Stepping into a cave feels otherworldly. The musty chilled air creeps into the nostrils then onto arms, intoxicating our sensory receptors. Prehistoric humans were known to be cave dwellers but only a small portion actually lived in them. The cold, dark and damp shelter was not only inhabitable, but a breeding ground for diseases. In today's world, I wouldn't imagine anyone wanting to live in caves unless it was desperately called for like the ‘Vieng Xai’ cave - Lao’s secret cave city that was only revealed to the world in 1997.
Deep within the North Eastern region of Laos, beneath tree-covered limestone, lies an extensive network of over 480 caves. For 9 years between 1964 and 1973, the cold and sunless caves were a refuge for over 20,000 Laotians hiding from bombing raids. It was also a base to the Pathet Lao, a communist organization that fought against its Royalist enemy in Vientiane.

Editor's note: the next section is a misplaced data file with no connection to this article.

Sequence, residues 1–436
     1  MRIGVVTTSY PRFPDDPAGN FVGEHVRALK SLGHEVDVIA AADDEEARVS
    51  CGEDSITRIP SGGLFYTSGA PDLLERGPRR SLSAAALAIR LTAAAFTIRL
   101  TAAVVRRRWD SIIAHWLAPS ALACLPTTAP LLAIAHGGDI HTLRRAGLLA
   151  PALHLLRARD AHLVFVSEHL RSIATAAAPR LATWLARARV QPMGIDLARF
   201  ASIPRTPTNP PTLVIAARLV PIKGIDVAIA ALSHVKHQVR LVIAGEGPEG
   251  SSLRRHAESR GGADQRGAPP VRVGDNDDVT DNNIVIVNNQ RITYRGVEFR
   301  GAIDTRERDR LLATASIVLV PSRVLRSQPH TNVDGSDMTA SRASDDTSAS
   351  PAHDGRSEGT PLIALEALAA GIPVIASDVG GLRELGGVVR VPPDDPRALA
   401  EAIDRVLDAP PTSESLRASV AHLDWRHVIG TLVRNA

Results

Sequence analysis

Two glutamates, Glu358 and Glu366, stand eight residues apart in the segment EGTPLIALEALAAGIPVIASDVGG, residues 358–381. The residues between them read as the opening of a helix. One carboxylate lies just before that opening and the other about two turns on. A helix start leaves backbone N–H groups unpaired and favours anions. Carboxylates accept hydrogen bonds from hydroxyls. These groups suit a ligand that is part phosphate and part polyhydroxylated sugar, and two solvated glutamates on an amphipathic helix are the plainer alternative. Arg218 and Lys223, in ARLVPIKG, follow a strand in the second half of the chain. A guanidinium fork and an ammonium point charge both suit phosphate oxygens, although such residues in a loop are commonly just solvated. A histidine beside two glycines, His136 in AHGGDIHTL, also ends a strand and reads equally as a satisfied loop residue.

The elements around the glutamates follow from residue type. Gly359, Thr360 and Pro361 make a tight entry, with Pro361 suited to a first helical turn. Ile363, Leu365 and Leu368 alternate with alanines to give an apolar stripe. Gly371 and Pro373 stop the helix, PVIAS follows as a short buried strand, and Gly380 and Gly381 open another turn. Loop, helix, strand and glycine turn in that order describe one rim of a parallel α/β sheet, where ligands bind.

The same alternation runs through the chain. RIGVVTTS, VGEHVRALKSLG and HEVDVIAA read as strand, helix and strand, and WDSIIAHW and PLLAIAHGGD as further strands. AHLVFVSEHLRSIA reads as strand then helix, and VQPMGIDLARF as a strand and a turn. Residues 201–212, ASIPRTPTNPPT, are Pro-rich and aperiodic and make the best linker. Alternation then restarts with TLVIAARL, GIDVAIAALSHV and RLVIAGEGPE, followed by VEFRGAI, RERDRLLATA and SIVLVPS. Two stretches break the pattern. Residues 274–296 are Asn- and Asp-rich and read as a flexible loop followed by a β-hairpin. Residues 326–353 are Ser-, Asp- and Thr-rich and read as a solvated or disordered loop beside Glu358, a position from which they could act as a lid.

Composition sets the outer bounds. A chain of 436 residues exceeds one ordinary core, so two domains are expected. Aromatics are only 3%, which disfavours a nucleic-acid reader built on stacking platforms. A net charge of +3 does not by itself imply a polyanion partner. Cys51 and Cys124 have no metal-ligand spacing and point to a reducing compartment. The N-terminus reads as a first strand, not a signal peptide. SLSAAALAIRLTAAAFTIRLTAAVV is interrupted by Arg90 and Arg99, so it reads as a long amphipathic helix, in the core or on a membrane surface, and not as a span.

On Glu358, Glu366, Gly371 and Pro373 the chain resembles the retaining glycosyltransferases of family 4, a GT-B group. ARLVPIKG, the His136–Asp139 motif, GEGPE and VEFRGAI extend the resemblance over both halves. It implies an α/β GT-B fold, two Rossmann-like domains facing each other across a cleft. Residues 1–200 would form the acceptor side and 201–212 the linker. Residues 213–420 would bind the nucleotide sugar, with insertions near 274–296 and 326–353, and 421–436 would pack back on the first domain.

Despite the ongoing bombing, the Laotians were able to carve out life within. Each cave had its unique characteristic and functions. From bunkers, to hospitals, schools, offices, banks, bakeries, sewing factories, and theatres - these chambers made up a city. To provide a constant supply of food for the community, farmers risked their lives to work on their fields in the wee hours of the morning. They were making sure not to leave evidence of their existence from above.
To this day, only 7 caves showcasing the living space of the former communist leaders are for the public eye. Everything else is kept hidden in the dark chambers. Everyone loses in war, some much more than others. Though many decades have passed, the peaceful region of Vieng Xai is still greatly affected by the unexploded ordnance (UXO) and remains the poorest province in Laos.
Cover photo from Audleytravel
Words by Buranee Soh